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Perceptual Narrowing in Speech and Face Recognition: Evidence for Intra-individual Cross-Domain Relations

Krasotkina, Anna ; Götz, Antonia ; Höhle, Barbara ; Schwarzer, Gudrun

Originalveröffentlichung: (2018) Frontiers in Psychology 9(1711) doi: 10.3389/fpsyg.2018.01711
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URN: urn:nbn:de:hebis:26-opus-146500

Freie Schlagwörter (Englisch): perceptual narrowing , perceptual reorganization , other-race effect , face perception , speech perception
Sammlung: Open Access - Publikationsfonds
Universität Justus-Liebig-Universität Gießen
Institut: Department of Developmental Psychology
Fachgebiet: Psychologie
DDC-Sachgruppe: Psychologie
Dokumentart: Aufsatz
Sprache: Englisch
Erstellungsjahr: 2018
Publikationsdatum: 22.05.2019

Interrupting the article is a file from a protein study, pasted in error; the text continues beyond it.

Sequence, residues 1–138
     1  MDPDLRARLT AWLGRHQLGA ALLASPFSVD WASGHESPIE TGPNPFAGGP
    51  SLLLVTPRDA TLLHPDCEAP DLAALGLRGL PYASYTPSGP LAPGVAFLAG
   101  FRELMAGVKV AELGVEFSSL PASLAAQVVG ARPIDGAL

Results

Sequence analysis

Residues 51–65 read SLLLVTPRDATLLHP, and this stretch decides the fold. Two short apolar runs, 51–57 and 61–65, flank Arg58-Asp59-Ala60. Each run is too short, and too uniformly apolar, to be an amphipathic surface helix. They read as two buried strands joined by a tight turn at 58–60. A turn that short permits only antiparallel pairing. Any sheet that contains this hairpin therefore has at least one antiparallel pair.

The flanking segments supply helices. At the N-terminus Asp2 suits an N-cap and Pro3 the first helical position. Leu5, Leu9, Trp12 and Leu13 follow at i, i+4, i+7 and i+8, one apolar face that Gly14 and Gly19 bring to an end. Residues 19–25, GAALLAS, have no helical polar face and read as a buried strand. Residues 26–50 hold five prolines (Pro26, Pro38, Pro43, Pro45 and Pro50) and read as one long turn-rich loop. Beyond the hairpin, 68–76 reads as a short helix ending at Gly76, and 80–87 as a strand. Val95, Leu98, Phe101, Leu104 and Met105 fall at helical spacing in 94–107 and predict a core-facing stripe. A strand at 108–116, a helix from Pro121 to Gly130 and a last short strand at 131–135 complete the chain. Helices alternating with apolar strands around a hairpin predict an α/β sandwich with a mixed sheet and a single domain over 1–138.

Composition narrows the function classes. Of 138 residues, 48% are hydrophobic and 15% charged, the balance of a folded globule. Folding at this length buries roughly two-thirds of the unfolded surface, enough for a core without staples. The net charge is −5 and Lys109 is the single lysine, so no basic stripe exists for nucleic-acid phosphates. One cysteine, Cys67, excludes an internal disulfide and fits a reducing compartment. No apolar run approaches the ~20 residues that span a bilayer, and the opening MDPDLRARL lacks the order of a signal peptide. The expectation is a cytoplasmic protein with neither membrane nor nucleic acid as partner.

Kurzfassung auf Englisch: During the first year of life, infants undergo perceptual narrowing in the domains of speech and face perception. This is typically characterized by improvements in infants abilities in discriminating among stimuli of familiar types, such as native speech tones and same-race faces. Simultaneously, infants begin to decline in their ability to discriminate among stimuli of types with which they have little experience, such as non-native tones and other-race faces. The similarity in time-frames during which perceptual narrowing seems to occur in the domains of speech and face perception has led some researchers to hypothesize that the perceptual narrowing in these domains could be driven by shared domain-general processes. To explore this hypothesis, we tested 53 Caucasian 9-month-old infants from monolingual German households on their ability to discriminate among non-native Cantonese speech tones, as well among same-race German faces and other-race Chinese faces. We tested the infants using an infant-controlled habituation-dishabituation paradigm, with infants preferences for looking at novel stimuli versus the habituated stimuli (dishabituation scores) acting as indicators of discrimination ability. As expected for their age, infants were able to discriminate between same-race faces, but not between other-race faces or non-native speech tones. Most interestingly, we found that infants dishabituation scores for the non-native speech tones and other-race faces showed significant positive correlations, while the dishabituation scores for non-native speech tones and same-race faces did not. These results therefore support the hypothesis that shared domain-general mechanisms may drive perceptual narrowing in the domains of speech and face perception.
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